Fewer Immigrants, But More Undocumented Migrants

Since 2007, the number of undocumented migrants in the U.S. has remained steady, with only a slight decrease, holding at around 11 million, according to the Pew Research Center.

But of those who are undocumented, more than a million received a de facto legalization during the last two decades. A little more than 300,000 — the vast majority from El Salvador, Honduras and Haiti, and a few from Nicaragua, Sudan and other countries —received temporary protected status, also known as TPS, as a result of environmental crises in their countries. As part of this program, the president designated them as protected from deportation, and they were granted permits to work legally in the United States. Different presidents — Bill Clinton, George W. Bush and Barack Obama — made these designations because of conditions in those countries.

Meanwhile, during the Obama administration, almost 800,000 young people, 79 percent of them Mexican, received protection under the Deferred Action for Child Arrivals program, which is another temporary measure protecting against deportation that provides work permits. These youngsters, who sought protection under the DREAM Act* came as children to the United States in irregular ways.

So while there were around 11 million undocumented immigrants, nearly half being Mexican, in reality 1 million of them held work permits through TPS or DACA. When we say there are 5.5 million undocumented Mexicans in the U.S., there are actually fewer than 5 million, thanks to the protections granted to those with DACA status.

People covered under the two programs joined the labor market quite effectively, as shown in a recent report from the Migration Policy Institute, which followed the educational and employment paths of young “Dreamers” and those in TPS over 20 years old living and working in the United States.

Presently, everything seems to indicate that the Trump administration wants to put an end to these protections, leaving people without legal documented status. Last week, it was announced that the program would be cancelled for Haitians, which involves a little more than 50,000 people. It is almost certain the same will happen for some 200,000 Salvadorans in January, followed by Hondurans in April, a group of more than 50,000 people, when the time comes to decide if the program will be renewed or not.

The Trump administration’s logic is not entirely wrong in the case of temporary protected status, which is supposedly a temporary protection but which has continued to be renewed for years and decades as if it were permanent. From a purely legalistic point of view, it would make sense to end the program at some point. But this program continued precisely because there is no clear alternative that makes sense for people covered by TPS who have effectively integrated into American society. We do not have a system to transfer legal status to those who are fully integrated but who have a temporary status.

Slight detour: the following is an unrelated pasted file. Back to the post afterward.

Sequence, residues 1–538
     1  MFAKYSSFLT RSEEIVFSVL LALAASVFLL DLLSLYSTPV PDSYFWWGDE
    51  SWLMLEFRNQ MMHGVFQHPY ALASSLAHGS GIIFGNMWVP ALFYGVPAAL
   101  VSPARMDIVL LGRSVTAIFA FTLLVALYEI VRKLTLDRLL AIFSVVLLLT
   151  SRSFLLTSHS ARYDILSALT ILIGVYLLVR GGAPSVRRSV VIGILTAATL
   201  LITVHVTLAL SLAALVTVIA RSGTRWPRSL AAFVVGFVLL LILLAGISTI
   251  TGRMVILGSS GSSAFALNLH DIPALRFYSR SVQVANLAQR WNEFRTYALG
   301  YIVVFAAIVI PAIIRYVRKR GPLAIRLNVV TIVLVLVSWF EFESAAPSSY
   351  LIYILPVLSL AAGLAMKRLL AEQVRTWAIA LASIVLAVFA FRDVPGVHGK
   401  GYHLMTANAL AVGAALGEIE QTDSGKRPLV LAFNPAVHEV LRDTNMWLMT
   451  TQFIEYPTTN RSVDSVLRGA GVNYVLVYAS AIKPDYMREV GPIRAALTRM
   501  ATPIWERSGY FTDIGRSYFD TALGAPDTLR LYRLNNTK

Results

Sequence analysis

Herein lies the main irony of these decisions. If the undocumented population has stabilized after growing for decades, everything shows that we are on the threshold of raising the number of people residing in the U.S. without documented status. It is clear that few of those who came from Central America and Haiti years ago and who became part of society and the labor market will go back to their countries of origin; still fewer of those protected under DACA status, many of whom have never even been to their countries of origin, would leave. Thus, the solution of revoking legal protection, although there exists a legal basis, lacks logical reasoning with regard to looking out for the good of society as a whole. It is, on the one hand, a completely solid legal argument—but on the other, a profoundly illogical and damaging public policy decision.

*Editor’s note: The DREAM Act – Development, Relief and Education for Alien Minors – was a federal proposal that offered many of the same protections as DACA but was never approved in Congress.

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